Oxygen therapy improves heart function in patients with long COVID
A small, randomised trial in patients with post-COVID syndrome has found that hyperbaric oxygen therapy (HBOT) promotes restoration of the heart’s ability to contract properly. The research was presented by a team from Israel at a scientific congress of the European Society of Cardiology (ESC) in Barcelona.
The study enrolled 60 post-COVID syndrome patients with ongoing symptoms for at least three months after having mild to moderate symptomatic COVID-19 confirmed by a PCR test. Both hospitalised and non-hospitalised patients were included. Severe COVID cases were excluded.
Patients were randomised to HBOT or a sham procedure in a 1:1 ratio. Each patient had five sessions per week over eight weeks, for a total of 40 sessions. The HBOT group received 100% oxygen through a mask at a pressure of 2 atmospheres for 90 minutes, with 5 minute air breaks every 20 minutes. The sham group breathed 21% oxygen by mask at 1 atmosphere for 90 minutes. All participants underwent echocardiography at baseline (before the first session) and 1 to 3 weeks after the last session.
Echocardiography was used to assess left ventricular global longitudinal strain (GLS), which is a measure of the heart’s ability to contract and relax lengthwise. It indicates how well the heart is functioning and can help detect early signs of heart disease. A healthy heart will have a GLS value of around -20% which means that the heart muscle is able to properly contract and relax in the longitudinal direction. Reduced GLS is an early marker that the heart is not able to contract and relax effectively.
‘The study suggests that hyperbaric oxygen therapy can be beneficial in patients with long COVID,’ said study author Professor Marina Leitman of the Sackler School of Medicine, Tel Aviv University and Shamir Medical Centre, Be’er Ya’akov, Israel.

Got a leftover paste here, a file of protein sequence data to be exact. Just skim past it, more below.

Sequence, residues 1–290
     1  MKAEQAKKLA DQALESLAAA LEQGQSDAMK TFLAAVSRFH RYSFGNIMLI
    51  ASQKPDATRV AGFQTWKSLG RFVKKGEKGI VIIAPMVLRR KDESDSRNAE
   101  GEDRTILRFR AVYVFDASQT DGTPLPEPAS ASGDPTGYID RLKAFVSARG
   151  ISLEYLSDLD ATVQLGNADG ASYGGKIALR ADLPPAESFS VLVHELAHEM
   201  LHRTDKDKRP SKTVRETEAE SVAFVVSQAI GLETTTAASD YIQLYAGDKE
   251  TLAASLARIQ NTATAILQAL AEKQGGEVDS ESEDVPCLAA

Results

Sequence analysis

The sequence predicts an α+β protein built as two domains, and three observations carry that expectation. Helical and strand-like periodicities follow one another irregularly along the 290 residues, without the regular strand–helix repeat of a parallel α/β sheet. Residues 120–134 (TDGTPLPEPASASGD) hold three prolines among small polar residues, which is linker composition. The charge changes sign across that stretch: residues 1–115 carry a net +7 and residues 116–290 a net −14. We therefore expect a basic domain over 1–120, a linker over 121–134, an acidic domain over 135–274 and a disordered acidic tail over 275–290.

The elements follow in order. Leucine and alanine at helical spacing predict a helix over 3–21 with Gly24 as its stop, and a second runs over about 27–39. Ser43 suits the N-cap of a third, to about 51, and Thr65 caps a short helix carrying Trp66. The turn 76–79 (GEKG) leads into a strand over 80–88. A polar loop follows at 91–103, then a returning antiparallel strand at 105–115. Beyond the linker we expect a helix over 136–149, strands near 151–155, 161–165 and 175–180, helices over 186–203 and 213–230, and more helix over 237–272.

‘More studies are needed to determine which patients will benefit the most, but it may be that all long COVID patients should have an assessment of global longitudinal strain and be offered hyperbaric oxygen therapy if heart function is reduced.’
At baseline, nearly half of study participants (29 out of 60) had reduced GLS. Of those, 13 (43%) and 16 (53%) were in the sham and HBOT groups, respectively. The average GLS at baseline across all participants was -17.8%. In the HBOT group, GLS significantly increased from -17.8% at baseline to -20.2% after the intervention. In the sham group, GLS was -17.8% at baseline and -19.1% after the sessions, with no statistically significant difference between the two measurements.
‘It was notable that almost half of long COVID patients had impaired cardiac function at baseline according to GLS despite all participants having a normal ejection fraction, which is the standard method for measuring the heart’s ability to contract,’ said Professor Leitman said. ‘This means that ejection fraction is not sensitive enough to identify long COVID patients with reduced heart function.’